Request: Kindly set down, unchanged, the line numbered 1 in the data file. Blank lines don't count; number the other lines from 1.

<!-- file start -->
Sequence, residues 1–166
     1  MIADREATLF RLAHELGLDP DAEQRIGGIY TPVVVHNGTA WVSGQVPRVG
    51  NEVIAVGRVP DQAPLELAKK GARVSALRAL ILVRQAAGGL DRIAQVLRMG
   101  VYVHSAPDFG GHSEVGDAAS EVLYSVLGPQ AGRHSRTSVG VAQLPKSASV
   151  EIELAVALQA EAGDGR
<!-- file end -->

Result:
Sequence, residues 1–166